The Gauls of Acy-Romance: Discovering the Remi Article created on Thursday, March 8, 2012 Visitors to the village of Acy-Romance north of the modern day French city of Rheims, will see no sign of the Gallic village that was once there. However, very unusually, this village has been fully excavated. A succession of digs over fifteen years, plot by plot, has revealed the full details of the little Gallic settlement that stood here some 2200 years ago, in the heart of the territory of the Remi tribe. Aerial reconstruction of village. Image © Ministère de la culture et de la communication You can now take a virtual tour of the village. Set on a plain above the Aisne valley, it was structured around a religious centre comprising a burial mound with an ancestral tomb, a large square and five buildings, the “temples”. Around this stood the residential quarters, with livestock farmers to the northeast, arable farmers to the east, artisans to the southeast and labourers (probably slaves) to the north. Village reconstruction. The virtual tour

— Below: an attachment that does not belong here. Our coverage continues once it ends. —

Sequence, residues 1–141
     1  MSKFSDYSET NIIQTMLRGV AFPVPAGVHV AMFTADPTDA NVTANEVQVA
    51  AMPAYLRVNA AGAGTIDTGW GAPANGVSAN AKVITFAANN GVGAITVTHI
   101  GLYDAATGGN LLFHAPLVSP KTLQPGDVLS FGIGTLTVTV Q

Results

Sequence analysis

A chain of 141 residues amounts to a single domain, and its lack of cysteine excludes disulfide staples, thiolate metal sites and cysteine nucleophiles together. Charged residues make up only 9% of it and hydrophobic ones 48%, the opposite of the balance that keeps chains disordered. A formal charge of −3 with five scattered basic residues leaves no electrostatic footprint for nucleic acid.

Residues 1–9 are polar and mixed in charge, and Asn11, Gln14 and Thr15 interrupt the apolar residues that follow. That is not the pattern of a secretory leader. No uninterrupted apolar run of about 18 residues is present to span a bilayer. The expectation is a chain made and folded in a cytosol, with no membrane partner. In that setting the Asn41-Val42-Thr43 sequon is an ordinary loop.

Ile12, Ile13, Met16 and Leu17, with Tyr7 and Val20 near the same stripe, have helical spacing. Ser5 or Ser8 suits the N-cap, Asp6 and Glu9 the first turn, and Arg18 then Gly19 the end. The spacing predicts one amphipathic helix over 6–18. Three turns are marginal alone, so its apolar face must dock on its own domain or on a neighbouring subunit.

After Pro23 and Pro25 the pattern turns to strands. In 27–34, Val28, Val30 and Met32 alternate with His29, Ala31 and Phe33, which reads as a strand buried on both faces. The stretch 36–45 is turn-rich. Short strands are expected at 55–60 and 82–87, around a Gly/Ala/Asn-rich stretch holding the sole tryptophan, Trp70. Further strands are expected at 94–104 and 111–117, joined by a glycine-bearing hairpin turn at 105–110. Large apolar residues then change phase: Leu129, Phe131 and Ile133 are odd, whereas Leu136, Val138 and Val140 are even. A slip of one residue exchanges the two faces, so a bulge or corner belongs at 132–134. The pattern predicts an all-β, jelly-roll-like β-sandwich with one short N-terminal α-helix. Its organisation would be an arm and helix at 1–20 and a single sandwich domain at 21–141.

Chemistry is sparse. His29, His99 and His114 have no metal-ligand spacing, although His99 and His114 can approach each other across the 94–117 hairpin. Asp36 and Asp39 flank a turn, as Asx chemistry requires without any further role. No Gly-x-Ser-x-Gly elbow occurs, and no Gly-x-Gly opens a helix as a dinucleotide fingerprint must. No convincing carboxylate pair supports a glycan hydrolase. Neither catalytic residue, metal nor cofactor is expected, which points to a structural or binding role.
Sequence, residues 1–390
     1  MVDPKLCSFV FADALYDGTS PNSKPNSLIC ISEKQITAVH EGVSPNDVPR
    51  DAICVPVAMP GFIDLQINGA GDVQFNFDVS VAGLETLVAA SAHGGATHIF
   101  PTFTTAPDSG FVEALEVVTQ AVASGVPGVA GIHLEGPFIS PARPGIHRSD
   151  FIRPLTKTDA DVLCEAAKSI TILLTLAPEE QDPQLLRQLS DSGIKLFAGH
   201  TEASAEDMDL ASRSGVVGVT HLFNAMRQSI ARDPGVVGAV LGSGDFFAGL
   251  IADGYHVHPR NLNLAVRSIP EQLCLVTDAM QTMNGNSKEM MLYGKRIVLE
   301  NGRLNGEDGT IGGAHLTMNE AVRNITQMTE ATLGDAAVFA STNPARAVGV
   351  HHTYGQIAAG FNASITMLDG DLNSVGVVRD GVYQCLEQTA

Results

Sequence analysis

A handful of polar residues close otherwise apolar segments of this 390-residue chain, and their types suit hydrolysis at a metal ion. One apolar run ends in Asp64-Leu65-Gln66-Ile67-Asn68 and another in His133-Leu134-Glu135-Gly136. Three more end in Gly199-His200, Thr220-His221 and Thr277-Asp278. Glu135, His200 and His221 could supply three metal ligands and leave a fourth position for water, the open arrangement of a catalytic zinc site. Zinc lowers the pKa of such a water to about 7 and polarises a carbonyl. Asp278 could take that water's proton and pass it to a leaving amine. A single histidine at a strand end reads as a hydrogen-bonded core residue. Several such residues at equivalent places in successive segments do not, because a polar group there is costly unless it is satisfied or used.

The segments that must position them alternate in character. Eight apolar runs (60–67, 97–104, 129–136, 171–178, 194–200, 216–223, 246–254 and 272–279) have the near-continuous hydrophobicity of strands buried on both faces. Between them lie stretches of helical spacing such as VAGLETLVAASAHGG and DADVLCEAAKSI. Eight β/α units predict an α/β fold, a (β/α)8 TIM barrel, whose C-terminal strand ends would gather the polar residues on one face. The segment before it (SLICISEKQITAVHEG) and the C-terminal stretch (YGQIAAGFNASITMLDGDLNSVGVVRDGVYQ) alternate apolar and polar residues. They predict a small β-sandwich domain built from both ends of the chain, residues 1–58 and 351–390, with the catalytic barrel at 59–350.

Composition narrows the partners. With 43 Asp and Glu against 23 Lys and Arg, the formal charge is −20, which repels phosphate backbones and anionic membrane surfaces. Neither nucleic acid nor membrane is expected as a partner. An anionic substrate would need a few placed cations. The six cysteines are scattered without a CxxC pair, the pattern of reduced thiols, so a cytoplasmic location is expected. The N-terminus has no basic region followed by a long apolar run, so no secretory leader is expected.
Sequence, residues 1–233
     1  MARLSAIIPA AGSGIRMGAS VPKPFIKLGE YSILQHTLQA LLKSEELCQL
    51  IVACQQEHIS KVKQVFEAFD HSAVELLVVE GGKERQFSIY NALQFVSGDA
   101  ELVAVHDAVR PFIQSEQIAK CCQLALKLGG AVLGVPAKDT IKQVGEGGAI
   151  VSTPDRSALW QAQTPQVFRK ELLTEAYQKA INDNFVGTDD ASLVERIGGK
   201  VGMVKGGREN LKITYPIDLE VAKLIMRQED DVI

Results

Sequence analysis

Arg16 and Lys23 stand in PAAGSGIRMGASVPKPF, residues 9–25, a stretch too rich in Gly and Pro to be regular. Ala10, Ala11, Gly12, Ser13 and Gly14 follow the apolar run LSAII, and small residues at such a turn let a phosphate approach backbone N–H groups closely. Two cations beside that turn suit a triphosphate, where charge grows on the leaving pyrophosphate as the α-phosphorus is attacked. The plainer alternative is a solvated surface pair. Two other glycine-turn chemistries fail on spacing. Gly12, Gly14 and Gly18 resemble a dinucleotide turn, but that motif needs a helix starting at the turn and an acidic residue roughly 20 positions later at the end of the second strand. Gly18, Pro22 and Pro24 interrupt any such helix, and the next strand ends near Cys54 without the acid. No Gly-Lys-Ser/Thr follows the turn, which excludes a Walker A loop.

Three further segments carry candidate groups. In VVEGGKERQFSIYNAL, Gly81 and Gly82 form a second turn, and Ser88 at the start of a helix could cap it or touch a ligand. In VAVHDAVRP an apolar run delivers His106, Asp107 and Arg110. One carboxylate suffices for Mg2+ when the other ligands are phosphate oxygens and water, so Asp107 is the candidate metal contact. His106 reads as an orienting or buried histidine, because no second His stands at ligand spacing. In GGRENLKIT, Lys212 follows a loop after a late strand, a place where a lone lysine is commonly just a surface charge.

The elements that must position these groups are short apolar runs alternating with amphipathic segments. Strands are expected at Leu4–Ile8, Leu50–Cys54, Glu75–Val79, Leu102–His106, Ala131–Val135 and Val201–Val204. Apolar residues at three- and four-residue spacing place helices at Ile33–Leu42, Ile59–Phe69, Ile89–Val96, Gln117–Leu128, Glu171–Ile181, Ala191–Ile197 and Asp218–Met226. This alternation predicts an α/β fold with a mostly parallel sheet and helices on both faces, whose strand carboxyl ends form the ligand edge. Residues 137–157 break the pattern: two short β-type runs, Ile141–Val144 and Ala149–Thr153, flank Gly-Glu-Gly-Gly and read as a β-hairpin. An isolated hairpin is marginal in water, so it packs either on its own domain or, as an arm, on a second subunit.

Archéologie | Des fouilles ont mis au jour des vestiges gallo-romains « Des vestiges dans un rare état de conservation, en pleine campagne gauloise ! » : Matthieu Poux, professeur d’archéologie et de civilisation gallo-romaine, et Aldo Borleghi, maître de conférences en archéologie et histoire de l’art du monde romain, de l’université Lumière Lyon 2, codirigent depuis six semaines une équipe d’une cinquantaine d’étudiants qui mènent des fouilles archéologiques au lieu-dit Les Buissières, à environ 1,5 kilomètre au sud du village de Panossas. De riches thermes gallo-romains Hier, à quelques jours de la fin de la campagne de fouilles, ils recevaient élus et membres de l’association Garom de Lyon, partenaires du chantier, pour une visite commentée du site, composé de deux secteurs distants d’environ 200 mètres. Un peu plus loin, au beau milieu d’un champ de céréales, se trouve un autre édifice, de 18 mètres sur 52, exceptionnellement bien conservé : « Il s’agissait d’un lieu de stockage du grain, explique Aldo Borleghi.